Using data from CHEOPS, scientists have recently carried out a detailed study of the exoplanet WASP-189b. WASP-189b is an exoplanet that orbits around the star HD 133112, one of the hottest stars known to have a planetary system.
Located around 322 light-years away in constellation Libra (the weighing scales), WASP-189b is more than one and a half times as massive as Jupiter, the largest planet of the Solar system. The planet is especially interesting because it is a gas giant that orbits very close to its host star. It takes less than three days to circle its star, and it is 20 times closer to it than Earth is to the Sun.
Monika Lendl further explains that planetary objects like WASP-189b are very exotic: “They have a permanent dayside, which is always exposed to the light of the star, and, accordingly, a permanent night side. This means that its climate is completely different from that of thpiter and Saturn’s gas giants in our solar system. Based on the observations using CHEOPS, we estimate the temperature of WASP-189b to be 3,200 degrees Celsius. Planets like WASP-189b are called “ultra-hot Jupiters.” Iron melts at such a high temperature, and even becomes gaseous. This object is one of the most extreme planets we know so far.”
CHEOPS uses highly precise brightness measurements: When a planet passes in front of its star as seen from Earth, the star seems fainter for a short time. This phenomenon is called a transit.
Monika Lendl explains, “Because the exoplanet WASP-189b is so close to its star, its dayside is so bright that we can even measure the ‘missing’ light when the planet passes behind its star; this is called an occultation. We have observed several such occultations of WASP-189b with CHEOPS. It appears that the planet does not reflect a lot of starlight. Instead, most of the starlight gets absorbed by the planet, heating it and making it shine.”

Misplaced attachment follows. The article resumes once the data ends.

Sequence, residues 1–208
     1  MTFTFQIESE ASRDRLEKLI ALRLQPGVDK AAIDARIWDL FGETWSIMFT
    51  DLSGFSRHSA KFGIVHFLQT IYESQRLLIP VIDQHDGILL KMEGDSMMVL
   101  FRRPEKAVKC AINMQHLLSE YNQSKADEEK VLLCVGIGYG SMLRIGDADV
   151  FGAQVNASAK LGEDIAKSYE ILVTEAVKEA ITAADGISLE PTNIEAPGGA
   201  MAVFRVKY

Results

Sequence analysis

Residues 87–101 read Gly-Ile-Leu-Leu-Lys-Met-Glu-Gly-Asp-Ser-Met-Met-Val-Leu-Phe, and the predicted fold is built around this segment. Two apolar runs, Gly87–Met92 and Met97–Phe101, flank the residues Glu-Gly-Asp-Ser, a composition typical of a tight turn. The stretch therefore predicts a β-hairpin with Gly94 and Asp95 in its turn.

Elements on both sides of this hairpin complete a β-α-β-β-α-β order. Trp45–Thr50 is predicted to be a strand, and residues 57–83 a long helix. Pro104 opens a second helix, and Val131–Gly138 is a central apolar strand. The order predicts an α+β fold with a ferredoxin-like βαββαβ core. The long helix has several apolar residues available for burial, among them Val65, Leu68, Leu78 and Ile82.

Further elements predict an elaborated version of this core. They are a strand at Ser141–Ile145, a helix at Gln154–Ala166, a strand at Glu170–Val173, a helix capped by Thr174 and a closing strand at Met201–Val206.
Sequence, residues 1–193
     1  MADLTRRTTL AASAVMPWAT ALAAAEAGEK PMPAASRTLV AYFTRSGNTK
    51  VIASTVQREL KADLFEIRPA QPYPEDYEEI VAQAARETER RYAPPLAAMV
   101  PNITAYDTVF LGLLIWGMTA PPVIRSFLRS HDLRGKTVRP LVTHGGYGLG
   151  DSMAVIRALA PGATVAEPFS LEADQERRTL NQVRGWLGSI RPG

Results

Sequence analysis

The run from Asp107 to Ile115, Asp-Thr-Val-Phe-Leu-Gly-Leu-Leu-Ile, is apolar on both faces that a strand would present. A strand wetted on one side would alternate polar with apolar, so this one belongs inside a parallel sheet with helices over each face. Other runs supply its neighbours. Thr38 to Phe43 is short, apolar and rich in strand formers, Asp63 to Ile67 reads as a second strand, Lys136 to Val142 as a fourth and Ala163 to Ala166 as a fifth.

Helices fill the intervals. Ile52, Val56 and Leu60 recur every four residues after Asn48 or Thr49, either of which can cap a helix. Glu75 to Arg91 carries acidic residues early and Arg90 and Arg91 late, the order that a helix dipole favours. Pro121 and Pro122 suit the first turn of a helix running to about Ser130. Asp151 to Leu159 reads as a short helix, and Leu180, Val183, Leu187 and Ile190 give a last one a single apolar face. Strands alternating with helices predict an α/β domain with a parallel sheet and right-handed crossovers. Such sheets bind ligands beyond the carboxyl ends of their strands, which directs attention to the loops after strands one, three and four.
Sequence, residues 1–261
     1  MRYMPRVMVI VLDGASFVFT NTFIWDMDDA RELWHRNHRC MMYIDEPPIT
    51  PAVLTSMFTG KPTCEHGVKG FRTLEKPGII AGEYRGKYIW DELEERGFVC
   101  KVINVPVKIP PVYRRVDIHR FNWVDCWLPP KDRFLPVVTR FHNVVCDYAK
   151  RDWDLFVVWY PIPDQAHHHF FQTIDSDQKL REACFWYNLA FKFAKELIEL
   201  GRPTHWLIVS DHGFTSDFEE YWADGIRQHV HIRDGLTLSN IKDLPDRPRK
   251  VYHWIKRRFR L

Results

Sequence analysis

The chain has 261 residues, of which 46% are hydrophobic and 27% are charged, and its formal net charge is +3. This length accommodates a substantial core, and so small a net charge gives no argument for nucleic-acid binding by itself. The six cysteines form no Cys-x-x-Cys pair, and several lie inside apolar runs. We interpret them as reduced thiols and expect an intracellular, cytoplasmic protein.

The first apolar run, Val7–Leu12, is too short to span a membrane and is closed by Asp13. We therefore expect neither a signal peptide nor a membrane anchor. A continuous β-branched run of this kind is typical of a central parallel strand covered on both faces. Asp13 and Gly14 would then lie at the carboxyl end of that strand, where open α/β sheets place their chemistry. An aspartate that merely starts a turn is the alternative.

Scientists believe that the planet is not very reflective because there are no clouds present on its dayside: This is not surprising, as theoretical models tell us that clouds cannot form at such high temperatures.
Willy Benz, professor of astrophysics at the University of Bern, said, “We also found that the transit of the gas giant in front of its star is asymmetrical. This happens when the star possesses brighter and darker zones on its surface. Thanks to CHEOPS data, we can conclude that the star itself rotates so quickly that its shape is no longer spherical; but ellipsoidal. The star is being pulled outwards at its equator.”
Monika Lendl says, “The star around which WASP-189b orbits is very different from the Sun. The star is considerably larger and more than two thousand degrees Celsius hotter than our Sun. Because it is so hot, the star appears blue and not yellow-white like the Sun. Only a handful of planets are known to orbit such hot stars, and this system is the brightest by far.” As a consequence, it forms a benchmark for further studies.”
In conclusion, Willy Benz explains: “We are expecting further spectacular findings on exoplanets thanks to observations with CHEOPS.”
The results have just been accepted for publication in the journal Astronomy & Astrophysics.